Gin Is In

The varying styles of gin are appealing to a widening range of consumers.

Gin was king of white spirits for many decades, from the pre-Prohibition era and beyond, but by the late 20th century the juniper spirit began declining in appeal in favor of vodka. Now, however, it appears that the current classic cocktail culture is encompassing gin once again. Indeed, anecdotal evidence suggests that today’€™s gin renaissance is driven by bartenders who in turn are influencing consumers, creating a trickle down effect to retail stores. Total sales for gin spiked 1.5% nationally in 2008, according to the Beverage Information Group, and industry prognosticators are predicting further growth, causing retailers and tastemakers to declare that gin is in.

London Dry and New Expressions

The juniper heavy tang of a London Dry Gin is the best-known style of gin and Tanqueray, the top-selling imported gin in the U.S., is the quintessential London Dry. Angus Winchester, the global ambassador for Tanqueray, noted, ‘€œThe definition of London Dry is quite flexible, but it must have a generous taste of juniper. Tanqueray London Dry Gin is still made to its original recipe created in 1832, which I don’€™t think a lot of distilleries can say. I think of it as the benchmark of London Dry the way Johnnie Walker Black is the benchmark of blended whisky.’€

Another textbook London Dry is Beefeater, known for its iconic image of a Yeoman Warder (the guards to the Tower of London also known as beefeaters) on the bottle. The distillery recently launched a new expression called Beefeater 24, created by master distiller, Desmond Payne. Simon Ford, the director of trade outreach and brand education for Pernod Ricard USA, the importer and marketer for Beefeater, Plymouth Gin and Seagram’€™s Gin, said, ‘€œSencha tea, green tea and grapefruit have been added to the usual Beefeater botanicals and it has an earlier cut during distillation.’€ [Ford refers to the process of distillation when the head and tails are discarded. In the case of 24, the ‘€œcut’€ into the tail of the run is earlier, resulting in a lighter, subtle character]. Continued Ford, ‘€œBeefeater is quite a full-on gin, but the 24 is more delicate, while still being a London Dry by definition.’€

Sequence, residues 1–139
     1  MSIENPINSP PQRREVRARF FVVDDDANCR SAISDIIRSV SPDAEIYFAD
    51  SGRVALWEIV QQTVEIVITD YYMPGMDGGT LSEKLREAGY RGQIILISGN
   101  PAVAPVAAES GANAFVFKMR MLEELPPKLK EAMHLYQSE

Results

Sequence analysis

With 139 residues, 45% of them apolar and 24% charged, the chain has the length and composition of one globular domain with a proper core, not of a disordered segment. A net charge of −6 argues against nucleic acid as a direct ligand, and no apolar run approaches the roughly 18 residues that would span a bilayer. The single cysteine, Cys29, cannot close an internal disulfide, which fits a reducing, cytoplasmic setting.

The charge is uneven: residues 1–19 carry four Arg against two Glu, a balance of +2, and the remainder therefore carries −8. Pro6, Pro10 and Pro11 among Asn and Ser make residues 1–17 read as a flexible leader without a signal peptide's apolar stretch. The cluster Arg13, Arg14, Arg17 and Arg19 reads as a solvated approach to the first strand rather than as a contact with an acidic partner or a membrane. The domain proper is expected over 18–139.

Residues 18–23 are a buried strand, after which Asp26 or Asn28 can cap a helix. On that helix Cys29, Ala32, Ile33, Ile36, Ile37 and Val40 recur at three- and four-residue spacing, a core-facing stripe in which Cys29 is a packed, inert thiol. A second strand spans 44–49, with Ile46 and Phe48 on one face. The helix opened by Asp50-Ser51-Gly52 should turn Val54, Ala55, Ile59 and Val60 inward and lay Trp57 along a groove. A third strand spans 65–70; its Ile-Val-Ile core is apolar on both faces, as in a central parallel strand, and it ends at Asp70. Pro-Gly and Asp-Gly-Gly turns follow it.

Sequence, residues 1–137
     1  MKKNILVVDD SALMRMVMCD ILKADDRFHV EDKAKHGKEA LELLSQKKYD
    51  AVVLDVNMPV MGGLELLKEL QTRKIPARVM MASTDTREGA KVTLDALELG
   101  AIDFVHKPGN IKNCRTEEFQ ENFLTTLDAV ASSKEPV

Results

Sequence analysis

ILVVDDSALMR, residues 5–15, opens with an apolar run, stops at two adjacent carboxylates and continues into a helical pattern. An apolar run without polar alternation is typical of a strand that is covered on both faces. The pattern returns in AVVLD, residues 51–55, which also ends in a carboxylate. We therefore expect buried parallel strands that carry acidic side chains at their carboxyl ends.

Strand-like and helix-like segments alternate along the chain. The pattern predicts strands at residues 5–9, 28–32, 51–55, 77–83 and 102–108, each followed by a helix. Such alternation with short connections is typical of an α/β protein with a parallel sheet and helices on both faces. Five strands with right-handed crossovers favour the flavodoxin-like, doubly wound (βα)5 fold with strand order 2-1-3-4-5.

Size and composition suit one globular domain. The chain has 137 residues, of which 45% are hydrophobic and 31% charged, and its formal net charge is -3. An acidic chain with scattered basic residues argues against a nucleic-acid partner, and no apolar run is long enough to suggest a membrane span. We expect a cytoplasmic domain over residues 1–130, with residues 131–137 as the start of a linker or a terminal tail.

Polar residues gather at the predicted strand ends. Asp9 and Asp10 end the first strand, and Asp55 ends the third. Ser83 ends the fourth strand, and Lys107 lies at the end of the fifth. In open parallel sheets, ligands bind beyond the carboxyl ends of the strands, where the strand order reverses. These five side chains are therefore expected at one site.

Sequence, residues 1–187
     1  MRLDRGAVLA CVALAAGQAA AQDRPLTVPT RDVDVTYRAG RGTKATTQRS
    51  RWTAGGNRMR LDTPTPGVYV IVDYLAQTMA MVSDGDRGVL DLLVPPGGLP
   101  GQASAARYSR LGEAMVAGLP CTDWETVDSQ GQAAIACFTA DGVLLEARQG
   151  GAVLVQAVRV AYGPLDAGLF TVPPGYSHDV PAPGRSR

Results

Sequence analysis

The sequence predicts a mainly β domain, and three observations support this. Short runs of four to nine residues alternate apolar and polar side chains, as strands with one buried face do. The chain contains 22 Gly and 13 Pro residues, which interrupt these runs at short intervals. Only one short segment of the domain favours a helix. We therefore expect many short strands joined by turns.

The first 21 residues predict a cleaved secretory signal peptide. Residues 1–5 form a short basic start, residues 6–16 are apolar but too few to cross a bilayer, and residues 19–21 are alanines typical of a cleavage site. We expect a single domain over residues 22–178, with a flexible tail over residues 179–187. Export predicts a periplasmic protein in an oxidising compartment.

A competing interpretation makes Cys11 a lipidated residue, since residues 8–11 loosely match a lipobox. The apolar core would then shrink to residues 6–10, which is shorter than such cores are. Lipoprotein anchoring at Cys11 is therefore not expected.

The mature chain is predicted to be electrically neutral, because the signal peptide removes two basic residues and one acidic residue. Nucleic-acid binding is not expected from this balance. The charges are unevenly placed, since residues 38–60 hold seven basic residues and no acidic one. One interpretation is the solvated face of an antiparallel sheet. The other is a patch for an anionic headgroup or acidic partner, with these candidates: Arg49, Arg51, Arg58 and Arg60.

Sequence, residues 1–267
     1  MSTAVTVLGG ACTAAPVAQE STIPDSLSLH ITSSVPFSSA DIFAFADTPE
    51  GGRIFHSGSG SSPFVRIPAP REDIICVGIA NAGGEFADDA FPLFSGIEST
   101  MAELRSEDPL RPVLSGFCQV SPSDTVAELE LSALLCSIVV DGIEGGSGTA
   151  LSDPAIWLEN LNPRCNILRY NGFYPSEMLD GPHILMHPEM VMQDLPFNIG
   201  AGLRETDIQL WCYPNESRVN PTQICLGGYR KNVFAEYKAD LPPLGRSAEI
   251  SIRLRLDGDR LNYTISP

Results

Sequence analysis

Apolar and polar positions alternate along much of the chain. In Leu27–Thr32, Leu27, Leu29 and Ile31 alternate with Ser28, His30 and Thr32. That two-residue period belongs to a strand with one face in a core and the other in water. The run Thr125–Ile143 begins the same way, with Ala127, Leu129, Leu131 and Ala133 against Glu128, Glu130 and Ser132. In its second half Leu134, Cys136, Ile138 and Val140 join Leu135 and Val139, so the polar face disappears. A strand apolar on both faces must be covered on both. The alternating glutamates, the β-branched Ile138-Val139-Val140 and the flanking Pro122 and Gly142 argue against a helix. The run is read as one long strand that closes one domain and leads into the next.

Another top import is Bombay Sapphire, marketed by Bacardi USA. The high-end gin that grew an impressive 3.1% in 2008, despite the economic downturn in the last quarter of the year. Bombay Dry Gin is the company’€™s more traditional London Dry, with an emphasis on the juniper berry, whereas Sapphire is their point of departure, being the more delicate version. ‘€œPeppers, namely grains of paradise and cubeb berries, are among the ingredients used in Bombay Sapphire. These botanicals really smooth out that heavy juniper character. As a result, when you drink Bombay Sapphire in a dry Martini with just a whisper of vermouth you can pick up on all these different types of botanicals. It is a much more versatile gin,’€ explained Giles Woodyer, vice president for Bacardi U.S.A. and brand managing director for Bombay Sapphire.

Genever and Dutch Gin

Gin might be best-known as a British drink, but its origins lie in Holland. Indeed, gin’€™s predecessor, genever, is also making a bit of a comeback thanks to Bols, imported by William Grant & Sons. The company recently re-launched Bols Genever, causing buzz for the maltwine-based juniper spirit. ‘€œGenever is a separate protected category (AOC), like a Cognac or a Bordeaux; it can only be named as such if produced in Holland and must include maltwine,’€ stated Tal Nadari, vice president of marketing for Lucas Bols USA.

John Walker and Co., a wine and spirits shop in San Francisco, carries a range of 40 different gins with a few genevers on the shelf too. ‘€œWe have a good selection of genevers, including Bols and Boomsma Jonge [young] and Oude [old],’€ said Dominic Venegas, spirits buyer and manager. The store also carries a local version of genever: Anchor Distillers Junipero. ‘€œIt is their attempt to make genever and is modeled after the 19th century style. It isn’€™t easy drinking, but it has a following,’€ Venegas added.

Genever aside, Dutch gins are known for their more assertive character and higher proof. President of Van Gogh Imports, Jonathan Bleiberg, explained, ‘€œThe style is typically higher proof. The Dutch believe in complex gins. When people think gin, they usually refer to London Dry. But take a gin like Tanqueray or Gordon’€™s and compare it to ours; they are so distinctly different.’€

New Gins and New Definitions

In 2000, Tanqueray 10 was launched. Many industry commentators believe that the citrus-y character of the brand’€™s new expression led the way for what has now become known as the New Western Dry movement. ‘€œTanqueray realized there was room for innovation and sensed that gin was going to regain its status; meanwhile, they looked at other white spirits and thought about how the Martini had been bastardized into a vodka drink. So they went away and did a lot of experimentation with citrus. After trial and error, they came up with a combination of white grapefruit, Mexican lime and a little orange along with chamomile, which gives the gin a really sensual appeal,’€ said Winchester.